Welcome to the twenty-fifth installment of the EVE Blog Banter, the monthly EVE Online blogging extravaganza created by CrazyKinux. The EVE Blog Banter involves an enthusiastic group of gaming bloggers, a common topic within the realm of EVE Online, and a week or so to post articles pertaining to the said topic. The resulting articles can either be short or quite extensive, either funny or dead serious, but are always a great fun to read! Any questions about the EVE Blog Banter should be directed to crazykinux@gmail.com. Check for other EVE Blog Banter articles at the bottom of this post!


This month’s topic comes to us from @Tetraetc – “Tetra’s EVE Blog” – who asks: “Have Alliances and the sovereignty system limited the amount of PVP and RP potential in Null sec? Imagine a Null Sec where anyone could build outposts wherever. Would the reduction of the alliance game mechanic, and the removal of the sovereignty game mechanics (or the modifcation of it from Alliance level to Corp level for that matter) force more PVP into Null sec, or would giant power blocs like the NC still form themselves?”

Null-sec is something to which I have had only limited exposure and I have zero first-hand experience of the sovereignty mechanics, so this topic presents something of a challenge to me. I suppose my honest answer to all of the questions posed would be ‘I don’t know’. However, just because I’m not a participant in the perpetual Alliance sovereignty wars, doesn’t mean I have nothing to say on the matter.

For me, one of the things that gives EVE Online its depth is being able to look at the star-map and know that vast areas of it that I have never travelled to are home to thousands of capsuleers who would and could kill me on sight and any journey through null-sec is a real edge-of-the-seat experience as a result. More than any scripted game mechanic could provide, the true unpredictability and deadliness of those vast roaming fleets gives those null-sec regions a genuine ‘here be monsters’ feel.

Furthermore, reading reports of huge fleet clashes with crushing defeats and phyrric victories makes for immersive and world-enriching reading, more so because it really happens. It makes me proud. Odd, I know, but it’s part of what makes EVE unique. Whereas other MMOs have to rely on scripted developer-instigated events in order to change the landscape of the world, our giant dragons are our own players. Although I concede that we’ve now got incursions too, which diminishes my argument somewhat but the point still stands.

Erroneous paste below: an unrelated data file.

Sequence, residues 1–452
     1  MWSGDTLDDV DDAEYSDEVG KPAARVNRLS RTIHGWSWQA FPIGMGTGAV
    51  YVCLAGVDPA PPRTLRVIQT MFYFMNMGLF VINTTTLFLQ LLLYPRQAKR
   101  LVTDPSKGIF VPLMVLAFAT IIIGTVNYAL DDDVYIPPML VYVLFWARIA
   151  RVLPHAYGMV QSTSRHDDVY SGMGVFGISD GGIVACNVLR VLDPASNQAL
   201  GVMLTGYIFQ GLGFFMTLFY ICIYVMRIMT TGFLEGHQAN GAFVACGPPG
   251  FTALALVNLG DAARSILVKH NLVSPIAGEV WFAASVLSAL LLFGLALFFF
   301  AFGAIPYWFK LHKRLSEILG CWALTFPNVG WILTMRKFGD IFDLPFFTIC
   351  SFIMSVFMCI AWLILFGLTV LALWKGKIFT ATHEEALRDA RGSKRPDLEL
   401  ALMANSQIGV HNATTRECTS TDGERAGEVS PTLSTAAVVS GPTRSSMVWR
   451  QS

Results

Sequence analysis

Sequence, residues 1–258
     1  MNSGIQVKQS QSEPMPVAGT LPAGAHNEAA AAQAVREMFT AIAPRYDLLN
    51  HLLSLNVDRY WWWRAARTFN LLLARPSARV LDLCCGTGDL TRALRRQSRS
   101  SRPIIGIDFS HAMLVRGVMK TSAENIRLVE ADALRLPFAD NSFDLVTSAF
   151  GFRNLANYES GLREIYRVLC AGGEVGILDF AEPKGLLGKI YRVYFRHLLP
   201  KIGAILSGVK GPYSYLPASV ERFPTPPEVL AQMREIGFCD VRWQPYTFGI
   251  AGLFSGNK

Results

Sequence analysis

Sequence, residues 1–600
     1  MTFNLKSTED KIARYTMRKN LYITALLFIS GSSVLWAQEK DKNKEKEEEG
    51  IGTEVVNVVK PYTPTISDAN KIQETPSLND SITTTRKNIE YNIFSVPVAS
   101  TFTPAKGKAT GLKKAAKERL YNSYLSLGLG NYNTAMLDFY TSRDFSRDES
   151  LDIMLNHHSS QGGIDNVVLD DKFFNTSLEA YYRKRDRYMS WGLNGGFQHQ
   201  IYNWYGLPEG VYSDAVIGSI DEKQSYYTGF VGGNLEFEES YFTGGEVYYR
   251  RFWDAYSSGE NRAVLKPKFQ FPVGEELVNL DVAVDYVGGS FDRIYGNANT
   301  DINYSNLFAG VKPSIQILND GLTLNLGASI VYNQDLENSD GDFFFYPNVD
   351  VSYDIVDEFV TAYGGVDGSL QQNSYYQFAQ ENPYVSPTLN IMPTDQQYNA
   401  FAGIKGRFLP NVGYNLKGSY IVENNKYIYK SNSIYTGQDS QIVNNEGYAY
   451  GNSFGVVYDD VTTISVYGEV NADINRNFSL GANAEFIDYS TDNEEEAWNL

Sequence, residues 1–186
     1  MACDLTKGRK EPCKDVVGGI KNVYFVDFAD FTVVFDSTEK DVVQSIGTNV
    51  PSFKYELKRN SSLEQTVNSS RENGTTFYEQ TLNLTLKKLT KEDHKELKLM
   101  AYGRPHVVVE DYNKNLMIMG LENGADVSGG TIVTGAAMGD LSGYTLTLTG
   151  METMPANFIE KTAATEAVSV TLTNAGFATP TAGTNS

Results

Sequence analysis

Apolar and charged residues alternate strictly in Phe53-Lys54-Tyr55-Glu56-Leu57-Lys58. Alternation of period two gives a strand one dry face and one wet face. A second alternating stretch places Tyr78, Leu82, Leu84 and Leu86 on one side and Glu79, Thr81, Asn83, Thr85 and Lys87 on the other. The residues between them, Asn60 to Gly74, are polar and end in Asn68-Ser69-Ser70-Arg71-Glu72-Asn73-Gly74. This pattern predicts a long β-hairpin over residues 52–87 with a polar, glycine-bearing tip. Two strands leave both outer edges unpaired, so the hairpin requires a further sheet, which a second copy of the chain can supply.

The specifics of what drives the shifting forces of sovereignty-holding alliances are unknown to me, as is a grasp of the sovereignty mechanics. Judging by what I’ve read, large-scale conflict wouldn’t appeal to me, with huge uniform fleets requiring specific ships and loadouts whose pilots are then funnelled into an area where the underpinning server technology is pushed beyond its limits, resulting in a sub-standard game experience. But there must be some positives too, as thousands of players regularly participate in such conflicts, and I am glad that they do. In the same way I watch the world news with equal parts interest and shock, safe in the knowledge that I’ll never have to go to those war-torn or lawless countries, I can read about the latest power-shift in null-sec and all its ramifications with detached curiosity.

To address Tetra’s final question about the formation of giant power blocs, I think that the ’emergent behaviour’ caused by EVE’s design certainly encourages the formation of large and complex organisations. The introduction of the alliance mechanic was as a result of this natural evolution of community, so it is not improbable that a Coalition mechanic may be introduced to support multi-alliance entities like the Northern Coalition. Veteran players may remember when the largest organisation supported within EVE’s game design was the corporation. I remember with fondness and amusement my attempts to organise one of the first proto-alliances in 2003, before any proper support was available. The United Corporations Defence Organisation was an amusingly naive and unworkable concept at the time, barely held together by a rudimentary website, but the alliance/coalition principle was there. I think it shows that the evolution toward the formation of ‘giant power blocs’ is an inevitability in the race for power, protection and territory.

[On a side note, the UCDO link above includes a negotiation chatlog between an old alt of mine (Eidas) and a Fountain Alliance representative called Molle. Whether there is any connection to Sir Molle of BoB/IT fame I have no idea, but it amused me.You can read the conversation here.]

With all this in mind, whatever changes can be effected to improve the experience for the participants of SovWar should, of course, be supported, especially if it could make it more accessible to a broader player-base. However, I’m pretty ambivalent about it and I’m happy just to read from afar about the latest clash of the deep-space leviathans.

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  4. More to come…

Categories: Freebooted